which are located in the alveolar wall.27 Stimulation ofC-fibers in the small airways and J-receptors in the alveoli Despite the anatomic evidence cited above, it remains by acute pulmonary congestion and edema, multiple pul- unclear whether the effects of aerosolized opioids on dys- monary embolisms, and inflammation may be responsible, pnea are due to modifications in peripheral afferent sig- in part, for triggering the sensation of dyspnea, as well as naling that alters proprioception, or that opioids absorbed tachypnea, bronchoconstriction, and increased airway se- into the systemic circulation act on central nervous system cretions.27,28 In a manner analogous to pain, opioids may control of breathing. Most studies that have examined in- alter the perception of dyspnea by modifying signals from haled opioids did not observe signs of sedation or respi- pulmonary afferent C-fibers. A third type of vagal afferent ratory depression.29–34 However, hypercapnia35 and pro- fiber is the pulmonary stretch receptors that, when stimu- found respiratory depression36 occasionally have been RESPIRATORY CARE • JULY 2007 VOL 52 NO 7 INHALED OPIOIDS AND FUROSEMIDE FOR DYSPNEA reported. Inhaled opioids also provide effective analge- reflect variability in jet nebulizer performance, coupled sia,37–41 which suggests the possibility that dyspnea is mod- with the limitations of drug delivery imposed by the arti- ified, at least in part, through a central mechanism. Sys- ficial airway and a passive breathing pattern. These studies temic absorption of opioids may occur from the pulmonary also have limited relevance to patients with advanced pul- circulation. But a more likely source is absorption from the monary disease, because pathologic alterations in airway gastrointestinal tract, due to aerosol impaction in the oro- geometry and pulmonary perfusion, along with abnormal pharynx and subsequent swallowing of opioid-containing breathing patterns, would probably alter drug deposition.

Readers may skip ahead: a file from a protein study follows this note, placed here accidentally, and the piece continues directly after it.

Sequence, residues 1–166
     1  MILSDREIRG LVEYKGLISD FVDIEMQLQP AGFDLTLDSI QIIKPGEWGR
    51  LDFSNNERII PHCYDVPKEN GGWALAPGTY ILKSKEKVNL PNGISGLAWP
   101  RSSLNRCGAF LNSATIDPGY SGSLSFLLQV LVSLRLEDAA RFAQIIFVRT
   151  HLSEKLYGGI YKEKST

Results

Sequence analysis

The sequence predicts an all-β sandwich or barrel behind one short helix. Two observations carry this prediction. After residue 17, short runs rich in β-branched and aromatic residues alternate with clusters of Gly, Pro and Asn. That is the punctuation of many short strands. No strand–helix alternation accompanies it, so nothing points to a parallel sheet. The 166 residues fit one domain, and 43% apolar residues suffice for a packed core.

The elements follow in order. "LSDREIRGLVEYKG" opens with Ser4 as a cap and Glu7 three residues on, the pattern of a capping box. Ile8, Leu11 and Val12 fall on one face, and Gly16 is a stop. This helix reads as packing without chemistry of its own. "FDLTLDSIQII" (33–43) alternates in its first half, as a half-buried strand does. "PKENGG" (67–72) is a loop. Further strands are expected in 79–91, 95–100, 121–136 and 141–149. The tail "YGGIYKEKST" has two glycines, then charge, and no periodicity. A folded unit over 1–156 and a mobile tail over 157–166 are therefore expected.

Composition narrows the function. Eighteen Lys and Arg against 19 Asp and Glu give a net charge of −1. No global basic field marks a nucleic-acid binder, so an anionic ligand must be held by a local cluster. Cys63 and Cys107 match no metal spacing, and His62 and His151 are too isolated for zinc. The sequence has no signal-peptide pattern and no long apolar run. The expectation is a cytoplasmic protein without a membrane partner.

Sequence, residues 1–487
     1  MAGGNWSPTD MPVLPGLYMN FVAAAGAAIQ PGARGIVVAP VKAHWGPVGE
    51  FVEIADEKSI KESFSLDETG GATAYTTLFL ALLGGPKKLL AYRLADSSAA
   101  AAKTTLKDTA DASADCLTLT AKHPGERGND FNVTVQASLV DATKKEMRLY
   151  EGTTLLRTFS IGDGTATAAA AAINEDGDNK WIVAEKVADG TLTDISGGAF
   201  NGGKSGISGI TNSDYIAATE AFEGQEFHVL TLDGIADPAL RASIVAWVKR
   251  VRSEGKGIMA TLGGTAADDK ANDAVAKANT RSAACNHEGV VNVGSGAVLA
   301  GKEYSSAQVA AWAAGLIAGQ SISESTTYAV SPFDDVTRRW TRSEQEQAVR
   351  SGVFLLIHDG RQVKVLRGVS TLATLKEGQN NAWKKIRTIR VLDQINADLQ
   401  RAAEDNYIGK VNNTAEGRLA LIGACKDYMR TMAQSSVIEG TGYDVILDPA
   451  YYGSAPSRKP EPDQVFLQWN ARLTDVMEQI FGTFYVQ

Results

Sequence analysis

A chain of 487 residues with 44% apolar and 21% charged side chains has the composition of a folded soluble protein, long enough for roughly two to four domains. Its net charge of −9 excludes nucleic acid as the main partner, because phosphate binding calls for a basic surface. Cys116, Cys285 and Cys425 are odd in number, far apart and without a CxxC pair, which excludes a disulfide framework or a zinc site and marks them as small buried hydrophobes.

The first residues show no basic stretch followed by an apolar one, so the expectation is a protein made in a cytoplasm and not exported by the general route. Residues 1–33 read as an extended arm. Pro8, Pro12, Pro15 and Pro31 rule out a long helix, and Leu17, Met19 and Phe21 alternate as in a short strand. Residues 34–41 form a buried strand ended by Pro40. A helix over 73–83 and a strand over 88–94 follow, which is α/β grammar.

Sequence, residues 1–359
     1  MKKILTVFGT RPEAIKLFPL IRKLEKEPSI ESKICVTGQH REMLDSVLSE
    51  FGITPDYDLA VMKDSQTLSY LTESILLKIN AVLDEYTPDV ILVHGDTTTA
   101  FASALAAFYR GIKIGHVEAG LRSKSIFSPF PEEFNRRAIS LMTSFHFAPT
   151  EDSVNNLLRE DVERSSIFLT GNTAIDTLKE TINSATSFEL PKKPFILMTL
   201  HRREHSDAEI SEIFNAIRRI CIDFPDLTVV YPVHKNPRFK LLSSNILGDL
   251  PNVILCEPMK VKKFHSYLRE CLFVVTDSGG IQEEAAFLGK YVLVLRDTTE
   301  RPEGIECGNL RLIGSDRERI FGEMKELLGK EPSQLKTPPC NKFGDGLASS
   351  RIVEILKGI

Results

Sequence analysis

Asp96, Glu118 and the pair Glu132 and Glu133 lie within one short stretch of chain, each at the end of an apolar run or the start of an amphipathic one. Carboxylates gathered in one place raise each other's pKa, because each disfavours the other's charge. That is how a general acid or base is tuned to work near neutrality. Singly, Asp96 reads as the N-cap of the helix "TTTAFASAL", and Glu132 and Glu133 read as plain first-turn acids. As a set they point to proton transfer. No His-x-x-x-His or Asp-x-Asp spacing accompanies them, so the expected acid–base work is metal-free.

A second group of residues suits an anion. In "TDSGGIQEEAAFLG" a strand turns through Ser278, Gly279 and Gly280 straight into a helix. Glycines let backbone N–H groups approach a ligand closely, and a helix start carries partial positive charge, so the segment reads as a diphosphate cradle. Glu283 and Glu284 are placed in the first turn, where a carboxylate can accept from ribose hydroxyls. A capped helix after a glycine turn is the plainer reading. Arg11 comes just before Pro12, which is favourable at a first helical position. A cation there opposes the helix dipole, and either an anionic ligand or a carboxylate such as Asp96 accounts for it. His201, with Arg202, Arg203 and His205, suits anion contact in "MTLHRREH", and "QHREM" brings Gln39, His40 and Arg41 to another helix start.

secretions. Yet in cancer patients who suffer from intrac-table dyspnea, relatively small amounts of inhaled opioids Aerosolized Opioids in the Management of Dyspnea
appear to improve breathing comfort, despite the fact thatthese patients already are receiving high levels of paren- A PubMed title word search from 1965 through 2006 teral opioids for pain management.29,30,42–44 was done, using various combinations of the terms dys- Six studies have assessed absorption and bioavailability pnea, breathlessness, aerosolized, nebulized, opioids, mor- of morphine, morphine-6-glucuronide (a potent metabolite phine, fentanyl, and hydromorphine. The references for of morphine), and fentanyl, administered via jet nebulizer each found paper also were searched to cull additional with mask, during spontaneous breathing,39,45–47 via en- publications. A total of 30 studies were found (Table 2).